Berman Center to premiere music festival this month

By: Sherri Kolade | West Bloomfield Beacon | Published March 13, 2017

 Lee Lessack

Lee Lessack

WEST BLOOMFIELD — Community centers aren’t one size fits all. Just ask the folks at The Berman Center for the Performing Arts.

The Berman is changing up the stereotype that community centers are for the older set by hosting its first-ever Jewish Community Center of Metropolitan Detroit Ethan & Gretchen Davidson Music Festival this month.

Elaine Smith, managing director for The Berman, said the collaboration for the festival came from the JCC and local musicians Ethan and Gretchen Davidson. 

“(They) are very passionate about their music,” she said, adding that community centers are full of life, and having music at The Berman is a must. 

“We wanted to have programming for people of all ages, so this really started the conversation,” she said.

The festival, which will take place March 23-26, will feature local and international Jewish acts, including a 15-year-old performer and some acts that will appeal to younger audiences.

Smith said the festival features music with a cultural purpose.

“What we’ve done with this festival is we’ve reinvented the way we look at Jewish music from past music festivals we’ve done at the JCC,” she said. “So what we are doing now is we are bringing in folk, rock, punk, klezmer, bluegrass, pop, nostalgia music — all performed or written or created by a Jewish artist.”

Featured performances include Jayme Stone’s Folklife, Ester Rada, Mama Doni, Golem, Nefesh Mountain and a tribute to Simon & Garfunkel called Live in Central Park (Revisited) Simon & Garfunkel, according to a press release.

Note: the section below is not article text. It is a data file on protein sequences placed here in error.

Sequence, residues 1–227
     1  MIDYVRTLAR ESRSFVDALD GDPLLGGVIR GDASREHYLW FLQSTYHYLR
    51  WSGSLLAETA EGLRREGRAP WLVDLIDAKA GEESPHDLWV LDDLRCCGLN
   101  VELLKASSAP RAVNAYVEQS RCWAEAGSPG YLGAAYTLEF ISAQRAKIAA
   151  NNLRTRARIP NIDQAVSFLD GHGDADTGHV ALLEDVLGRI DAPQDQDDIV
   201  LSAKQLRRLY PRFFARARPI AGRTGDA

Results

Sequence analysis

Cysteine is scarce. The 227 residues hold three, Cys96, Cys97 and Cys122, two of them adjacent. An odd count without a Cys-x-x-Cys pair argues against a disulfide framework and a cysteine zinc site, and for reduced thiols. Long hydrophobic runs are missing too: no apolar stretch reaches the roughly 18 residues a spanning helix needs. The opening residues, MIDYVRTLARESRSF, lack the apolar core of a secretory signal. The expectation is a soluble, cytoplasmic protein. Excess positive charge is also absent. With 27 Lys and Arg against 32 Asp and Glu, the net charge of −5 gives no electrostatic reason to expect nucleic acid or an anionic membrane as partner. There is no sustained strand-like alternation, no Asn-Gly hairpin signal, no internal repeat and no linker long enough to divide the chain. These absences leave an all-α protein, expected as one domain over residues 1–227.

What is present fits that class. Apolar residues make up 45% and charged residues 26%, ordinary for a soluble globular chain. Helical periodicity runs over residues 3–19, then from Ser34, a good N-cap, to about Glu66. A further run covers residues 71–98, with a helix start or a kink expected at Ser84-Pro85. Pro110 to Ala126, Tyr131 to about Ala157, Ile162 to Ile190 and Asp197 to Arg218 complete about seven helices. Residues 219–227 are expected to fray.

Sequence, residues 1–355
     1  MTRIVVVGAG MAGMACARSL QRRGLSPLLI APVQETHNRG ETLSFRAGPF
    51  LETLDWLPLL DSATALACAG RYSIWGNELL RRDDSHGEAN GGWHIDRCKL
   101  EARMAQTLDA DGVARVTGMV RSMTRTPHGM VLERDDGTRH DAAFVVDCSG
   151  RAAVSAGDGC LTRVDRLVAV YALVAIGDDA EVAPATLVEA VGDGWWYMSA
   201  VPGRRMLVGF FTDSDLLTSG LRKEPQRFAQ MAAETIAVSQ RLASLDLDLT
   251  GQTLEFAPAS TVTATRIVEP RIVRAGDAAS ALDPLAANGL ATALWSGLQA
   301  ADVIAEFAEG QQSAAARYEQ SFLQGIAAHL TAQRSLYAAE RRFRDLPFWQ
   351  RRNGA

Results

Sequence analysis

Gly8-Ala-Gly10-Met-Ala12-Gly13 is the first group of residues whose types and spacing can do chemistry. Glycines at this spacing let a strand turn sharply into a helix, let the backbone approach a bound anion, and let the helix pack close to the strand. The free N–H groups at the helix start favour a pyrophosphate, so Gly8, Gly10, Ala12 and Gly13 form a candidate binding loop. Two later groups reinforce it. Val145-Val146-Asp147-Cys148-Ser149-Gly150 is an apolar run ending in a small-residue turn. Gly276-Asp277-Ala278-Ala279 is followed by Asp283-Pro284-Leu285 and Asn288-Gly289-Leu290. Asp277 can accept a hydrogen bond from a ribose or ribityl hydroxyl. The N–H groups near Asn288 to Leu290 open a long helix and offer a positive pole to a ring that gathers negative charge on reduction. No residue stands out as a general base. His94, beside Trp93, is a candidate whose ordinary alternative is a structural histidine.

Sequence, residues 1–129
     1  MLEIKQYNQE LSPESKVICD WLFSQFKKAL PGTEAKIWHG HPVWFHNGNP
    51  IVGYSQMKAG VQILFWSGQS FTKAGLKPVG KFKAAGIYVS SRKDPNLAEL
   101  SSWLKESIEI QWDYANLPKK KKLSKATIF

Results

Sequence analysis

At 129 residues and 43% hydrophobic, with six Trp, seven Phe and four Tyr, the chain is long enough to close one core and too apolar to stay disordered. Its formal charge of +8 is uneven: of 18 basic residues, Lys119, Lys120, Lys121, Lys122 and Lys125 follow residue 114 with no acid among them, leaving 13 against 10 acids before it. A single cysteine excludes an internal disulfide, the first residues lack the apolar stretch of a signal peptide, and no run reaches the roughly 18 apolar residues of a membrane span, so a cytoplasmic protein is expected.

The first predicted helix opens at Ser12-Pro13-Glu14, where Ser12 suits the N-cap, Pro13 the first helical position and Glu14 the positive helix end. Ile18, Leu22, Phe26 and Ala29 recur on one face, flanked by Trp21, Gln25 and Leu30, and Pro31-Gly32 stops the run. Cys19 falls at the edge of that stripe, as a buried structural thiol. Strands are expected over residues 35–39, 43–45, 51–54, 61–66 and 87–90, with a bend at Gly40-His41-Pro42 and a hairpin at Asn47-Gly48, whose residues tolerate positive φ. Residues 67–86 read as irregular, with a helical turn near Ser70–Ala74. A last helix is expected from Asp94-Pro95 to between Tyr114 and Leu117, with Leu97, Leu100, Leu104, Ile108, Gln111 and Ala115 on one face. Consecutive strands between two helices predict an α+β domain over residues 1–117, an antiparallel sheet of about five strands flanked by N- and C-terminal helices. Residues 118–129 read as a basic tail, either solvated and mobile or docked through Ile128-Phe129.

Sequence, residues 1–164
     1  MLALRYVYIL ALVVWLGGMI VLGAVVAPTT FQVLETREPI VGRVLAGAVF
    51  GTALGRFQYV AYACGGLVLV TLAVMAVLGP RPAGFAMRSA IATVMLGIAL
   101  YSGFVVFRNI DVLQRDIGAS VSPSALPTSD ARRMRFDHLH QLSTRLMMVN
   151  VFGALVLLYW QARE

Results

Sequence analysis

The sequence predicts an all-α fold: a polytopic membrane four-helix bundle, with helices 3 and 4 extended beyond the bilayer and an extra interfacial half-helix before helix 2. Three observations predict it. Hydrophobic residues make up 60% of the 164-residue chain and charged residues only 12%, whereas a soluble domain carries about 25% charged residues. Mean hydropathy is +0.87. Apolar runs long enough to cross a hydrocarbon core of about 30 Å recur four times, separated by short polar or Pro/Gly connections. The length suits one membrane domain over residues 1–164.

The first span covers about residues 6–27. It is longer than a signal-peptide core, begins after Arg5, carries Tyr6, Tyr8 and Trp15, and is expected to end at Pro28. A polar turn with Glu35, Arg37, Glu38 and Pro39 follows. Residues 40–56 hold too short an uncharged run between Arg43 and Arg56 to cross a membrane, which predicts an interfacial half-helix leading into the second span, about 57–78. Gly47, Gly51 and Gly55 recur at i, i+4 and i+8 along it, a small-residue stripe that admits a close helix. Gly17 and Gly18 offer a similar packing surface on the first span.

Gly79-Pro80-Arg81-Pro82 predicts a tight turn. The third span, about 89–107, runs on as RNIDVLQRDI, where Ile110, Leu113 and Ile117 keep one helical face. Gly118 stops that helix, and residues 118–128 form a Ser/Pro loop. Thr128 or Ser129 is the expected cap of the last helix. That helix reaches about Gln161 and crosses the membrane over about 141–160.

Local musicians slated to perform include Sami Mei Lofman, Griffin Ford Siegel, Phreddy Wischusen and others.

If you are of a certain age, then you might remember Sept. 19, 1981. That was the day over 500,000 Simon & Garfunkel fans went to Central Park to hear and see the reunion of the folk duo. Award-winning recording artists Lessack and Rodgers will tap into that legendary night with “Mrs. Robinson,” “Homeward Bound,” “Scarborough Fair,” “Bridge Over Troubled Water,” “The Sound of Silence” and a number of others.

Lessack, who hails from Philadelphia but lives in Los Angeles, said he graduated from high school in 1981 and grew up listening to those songs.

“It really resonates with people,” he said of the music. “My parents, who are in their very late ’70s — that was the music they were listening to when they started their family.”

Lessack added that he connected with Smith last year when she asked him to perform.

He said that when he performs around the country, he can see the entire audience mouthing the words to the songs.

“It is a real joyful thing, this particular concert, to perform,” he said.

An Artists Market and food vendors will also be available throughout the event. VIP passes, including two tickets to all performances and access to the VIP lounge, cost $360, or $180 for young professionals under 40, according to the press release. Individual tickets begin at $20. To purchase tickets, visit The Berman box office 10 a.m.-4 p.m. Mondays-Friday, call (248) 661-1900 or go to theberman.org.

The Berman Center for the Performing Arts is located at the Jewish Community Center of Metropolitan Detroit, 6600 W. Maple Road.